If you Google “American Radiohead”, you’re going to get a lot of results involving Wilco. Plenty are in reference to a Chuck Klosterman article, but most just mention it as a way to praise the band. But no one seems to be able to illuminate exactly what that means. As a matter of explaining Wilco’s approach to music, or its sound, it explains very little. In fact, comparing them with Radiohead says a good deal more about how our view of these bands has narrowed over time. In some ways, the comparisons are uncanny. Both have debut albums that are largely forgotten, and those who stand by them are considered contrarian. Both have their game-changing “classic”—OK Computer and Yankee Hotel Foxtrot, respectively—that have left us struggling to define the bands ever since.
Our definition often relies on increasingly unreasonable expectations. We expect their ability to innovate to be exponential. A Ghost Is Born just had Yankee Hotel Foxtrot‘s success to build on/overcome, but Sky Blue Sky had to shoulder the weight of both albums, and so on. With this in mind, we’re quick to define each album as what it’s not—i.e., not Yankee Hotel Foxtrot—and pigeonhole it under some other title. A Ghost is Born was the guitar-solo record. Sky Blue Sky was mellow soft rock. Wilco (the album) was some sort of summation of their sound.
This is all reductive and arbitrary, and built too heavily on first impressions. Most of the dismissal of Sky Blue Sky as a tame record—ignoring, for now, the pretensions inherent in terms like “dad-rock”—centers on the languid opener “Either Way” and the uniform production sheen, and ignores the record’s twists and turns. Wilco (the album) seems like a light affair because it starts with the jokey “Wilco (the song)”. In fact, even Yankee Hotel Foxtrot‘s untouchable reputation as dissonant and disconnected is set heavily (though not entirely) in its opener “I Am Trying to Break Your Heart”.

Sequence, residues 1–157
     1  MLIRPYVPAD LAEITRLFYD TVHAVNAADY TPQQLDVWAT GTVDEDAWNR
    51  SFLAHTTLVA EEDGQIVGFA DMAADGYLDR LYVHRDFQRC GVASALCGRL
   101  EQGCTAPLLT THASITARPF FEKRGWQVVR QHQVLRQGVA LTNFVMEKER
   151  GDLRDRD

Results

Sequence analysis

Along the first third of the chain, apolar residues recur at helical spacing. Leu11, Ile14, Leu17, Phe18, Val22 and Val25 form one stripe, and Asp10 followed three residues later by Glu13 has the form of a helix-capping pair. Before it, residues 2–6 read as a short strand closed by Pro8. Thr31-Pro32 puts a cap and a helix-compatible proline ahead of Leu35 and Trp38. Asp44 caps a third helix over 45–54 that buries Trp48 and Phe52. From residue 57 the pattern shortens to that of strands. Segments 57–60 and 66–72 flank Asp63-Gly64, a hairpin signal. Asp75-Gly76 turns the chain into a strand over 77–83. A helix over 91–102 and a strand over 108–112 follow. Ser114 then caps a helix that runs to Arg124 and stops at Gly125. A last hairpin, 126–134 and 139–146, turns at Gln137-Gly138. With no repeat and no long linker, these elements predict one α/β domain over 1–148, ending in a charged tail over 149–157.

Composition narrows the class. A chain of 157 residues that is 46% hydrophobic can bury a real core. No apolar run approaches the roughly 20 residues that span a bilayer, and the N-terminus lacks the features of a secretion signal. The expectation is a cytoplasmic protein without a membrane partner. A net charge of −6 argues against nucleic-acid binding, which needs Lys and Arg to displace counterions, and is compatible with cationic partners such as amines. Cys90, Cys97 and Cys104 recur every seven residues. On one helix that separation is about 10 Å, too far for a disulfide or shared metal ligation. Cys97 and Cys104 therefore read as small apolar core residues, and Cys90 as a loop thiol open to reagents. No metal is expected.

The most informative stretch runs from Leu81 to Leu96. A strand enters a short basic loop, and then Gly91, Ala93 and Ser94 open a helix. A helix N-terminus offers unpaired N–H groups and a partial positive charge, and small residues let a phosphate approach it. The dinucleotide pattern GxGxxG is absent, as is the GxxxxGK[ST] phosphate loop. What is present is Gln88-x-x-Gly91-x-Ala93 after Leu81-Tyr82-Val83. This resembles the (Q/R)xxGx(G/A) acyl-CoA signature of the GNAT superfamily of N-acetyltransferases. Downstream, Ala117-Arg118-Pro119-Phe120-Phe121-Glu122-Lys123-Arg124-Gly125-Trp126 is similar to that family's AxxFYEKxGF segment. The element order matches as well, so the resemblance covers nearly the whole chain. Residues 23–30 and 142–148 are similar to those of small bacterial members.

This view of the records, though, makes them seem far more sonically unified than they are. If Yankee Hotel Foxtrot is disconnected and fractured, that’s because most of what Wilco does deals in these breaks. Even the straight alt-country of A.M. is broken by the darkness of “Dash 7”. The far-flung yet consistently great Being There—which you could argue as their defining record over YHF—is a constant clash of the sweet and the cracked. Wilco is exciting because the band seeks to redefine our expectations for it with each record. And their new album, The Whole Love, continues that cycle to often brilliant effect.
The reason it’s constricting to pin Wilco down with definitions is because they are at their best when they pull the rug out from under themselves (and, by extension, us). Opener “Art of Almost” is as jarring as “Misunderstood” or “I Am Trying to Break Your Heart”, but it sounds like no Wilco song you’ve ever heard. It’s a clean break, a move to establish a wholly new landscape for this record, and it works. Orchestral flourishes at the start could recall their lush sound on Summerteeth if they weren’t so shadowy and alien. The song blips and squawks behind the bleary-eyed plea of Tweedy’s voice. But if it feels lost, it finds its footing in the fits and freak-outs of guitar that come in crashing squalls at the end. It’s a distinct shift from other dissonant tunes in the Wilco catalog. This doesn’t devolve; it comes together, searching for its shards and knitting them together into one sharp entity. If The Whole Love marks a change in perspective, it’s in this. Tweedy acknowledges the lonesome feeling that’s followed him around his entire musical career, but here he often debunks it. The excellent “Born Alone”, for example, may rest on the line “I was born to die alone,” but the triumphant roll of guitars that follows it belies that sentiment. This is the sound of unification, not isolation.